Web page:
Reading Peter Wilby’s recent article in the Guardian (Britain’s qualification spiral is beginning to unravel - http://www.guardian.co.uk/commentisfree/2013/jan/08/qualification-spiral-is-unravelling?INTCMP=SRCH ) made me reflect upon the fact that there has been a drift over the last forty years towards making entry to the professions more dependent upon achieving higher and higher levels of qualification and grades. This trend has meant that the best jobs are often concentrated in the hands of the wealthiest.
There has been a dramatic reduction in the number of successful bright grammar school children who have come from a working class background but have been able to enter the higher professions (the Andrew Neil/Cherie Booth route) and comprehensive education has failed to provide a similar ladder for academically gifted poor kids.
The professions have become increasingly dominated by people from a relatively narrow range of backgrounds. Politics is a good example. 34% of MPs have come from a fee paying school background compared to a national average of around 7%. As a recent Smith Institute report on the composition of the 2010 intake of MPs states:
“Parliament today better reflects the gender balance and is more ethnically diverse, but in terms of educational and vocational background the new political elite look remarkably like the old establishment. It is surprising how many of our MPs were privately educated, went to Oxbridge and worked in the professions, particularly Conservatives and Lib Dems. It seems that our Parliament is becoming less representative in terms of education and occupation, and continues to attract similar types of people from a rather narrow professional base”.
There is a form of closed shop that is operated by the professions that actively restricts the range of people who can enter them. You have to eat dinners at an Inns of Court to become a barrister, and you have to be able to base yourself in London and be paid next to nothing while you do your pupillage. Even to become a solicitor requires doing the Legal Practice Course prior to (hopefully) getting a junior post with a firm (which means financing an extra year with no income and paying fees on top of University tuition).
It is very difficult to work in the national media or publishing sectors unless you can afford to be based in London and to start your career by working for free or for a wage that is insufficient to live on (in the Capital) – although the recent BBC move to Manchester may change this. This restricts access to these professions. Once again, they tend to be rather dominated by white, upper middle class people as a result.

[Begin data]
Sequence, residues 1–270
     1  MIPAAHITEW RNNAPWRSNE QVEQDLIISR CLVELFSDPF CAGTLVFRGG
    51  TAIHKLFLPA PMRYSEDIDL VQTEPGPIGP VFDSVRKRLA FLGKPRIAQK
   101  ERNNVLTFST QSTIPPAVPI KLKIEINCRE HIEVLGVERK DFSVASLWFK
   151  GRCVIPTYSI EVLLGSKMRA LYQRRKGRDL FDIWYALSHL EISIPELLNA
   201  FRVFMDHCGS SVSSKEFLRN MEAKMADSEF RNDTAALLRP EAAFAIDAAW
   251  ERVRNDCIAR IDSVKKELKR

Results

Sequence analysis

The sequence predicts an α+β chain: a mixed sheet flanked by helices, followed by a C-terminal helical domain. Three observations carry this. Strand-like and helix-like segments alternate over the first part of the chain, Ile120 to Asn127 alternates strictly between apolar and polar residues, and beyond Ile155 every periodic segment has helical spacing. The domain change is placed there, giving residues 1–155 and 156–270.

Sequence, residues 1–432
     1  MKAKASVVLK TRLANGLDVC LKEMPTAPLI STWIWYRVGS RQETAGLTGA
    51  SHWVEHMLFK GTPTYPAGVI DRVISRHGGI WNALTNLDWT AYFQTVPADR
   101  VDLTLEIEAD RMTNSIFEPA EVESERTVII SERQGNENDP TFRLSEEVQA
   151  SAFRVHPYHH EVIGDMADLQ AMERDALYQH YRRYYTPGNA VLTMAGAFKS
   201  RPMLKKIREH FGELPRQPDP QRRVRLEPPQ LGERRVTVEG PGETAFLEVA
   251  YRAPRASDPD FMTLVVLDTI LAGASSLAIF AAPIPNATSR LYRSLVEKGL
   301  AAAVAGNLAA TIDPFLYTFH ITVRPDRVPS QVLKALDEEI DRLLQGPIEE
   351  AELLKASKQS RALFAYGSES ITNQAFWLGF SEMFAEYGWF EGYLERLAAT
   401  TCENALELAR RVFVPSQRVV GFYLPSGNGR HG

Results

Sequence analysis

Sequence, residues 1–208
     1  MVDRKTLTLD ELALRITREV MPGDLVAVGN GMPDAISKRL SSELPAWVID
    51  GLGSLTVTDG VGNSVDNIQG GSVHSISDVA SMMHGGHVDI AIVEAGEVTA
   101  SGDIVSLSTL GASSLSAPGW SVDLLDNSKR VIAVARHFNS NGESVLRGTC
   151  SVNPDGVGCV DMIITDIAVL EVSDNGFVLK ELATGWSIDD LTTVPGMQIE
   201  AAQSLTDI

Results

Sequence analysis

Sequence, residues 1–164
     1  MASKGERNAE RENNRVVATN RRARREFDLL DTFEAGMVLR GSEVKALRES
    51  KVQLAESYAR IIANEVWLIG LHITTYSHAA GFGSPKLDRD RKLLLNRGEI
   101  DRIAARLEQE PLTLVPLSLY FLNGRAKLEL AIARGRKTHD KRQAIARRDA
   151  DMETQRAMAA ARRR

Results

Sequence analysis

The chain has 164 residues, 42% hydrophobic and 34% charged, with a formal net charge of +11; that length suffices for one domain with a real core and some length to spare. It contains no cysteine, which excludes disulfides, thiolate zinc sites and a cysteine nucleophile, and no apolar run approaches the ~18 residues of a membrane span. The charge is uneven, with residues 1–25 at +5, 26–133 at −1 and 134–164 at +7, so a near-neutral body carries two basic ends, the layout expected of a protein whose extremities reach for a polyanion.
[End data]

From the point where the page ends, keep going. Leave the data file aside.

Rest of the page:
These barriers to entry to the professions have grown over my working life, at the same time that other closed shops (in the print industry for example) were - rightly - swept away.
At the same time that the professions have become ever more inaccessible to children who don’t go to a fee paying school, the range of occupations that are open to poorer kids has been diminished in status and pay.
Although the creation of a new route to the professions for employed apprentices, as described in Peter Wilby’s Guardian article, is to be welcomed in theory, in practice entry to it could be restricted to the richest and best educated young people.
When I attended a recent ‘Voice of the Apprentice’ event in November hosted by unionlearn, I came across an Apprentice undertaking the Rolls Royce Higher Apprenticeship route who was already a graduate but had decided to undertake this Apprenticeship as a post-graduate option. This illustrates that, despite good intentions, sometimes the best Apprenticeships may be taken up by people who have already had a university education, thereby limiting the range of opportunities available to young people with lower educational attainment levels.
I remain to be convinced that the new access to the professions via apprenticeships won’t follow a similar pattern and will require pre existing degrees (or A* A levels at least) before prospective candidates will be accepted. This will continue to restrict entry to the offspring of the wealthiest kids.
I think that the growth of credentialism is a real phenomenon. I think that the underlying problem that fuels the growth in credentialism is that there is a shortage of employment in the economy. Once you have a permanent underclass and surplus labour army of the unemployed, all employment becomes such a valuable commodity that many people are prepared to pay to get it, via loans, internships etc. I don’t think the growth of Apprenticeship routes will address this fundamental lack of paid employment in our economy and truly open our professions to applicants from a wider range of backgrounds. I hope that I’m proved wrong.
Ian Bond is project officer for Apprenticeships at NIACE, which encourages all adults to engage in learning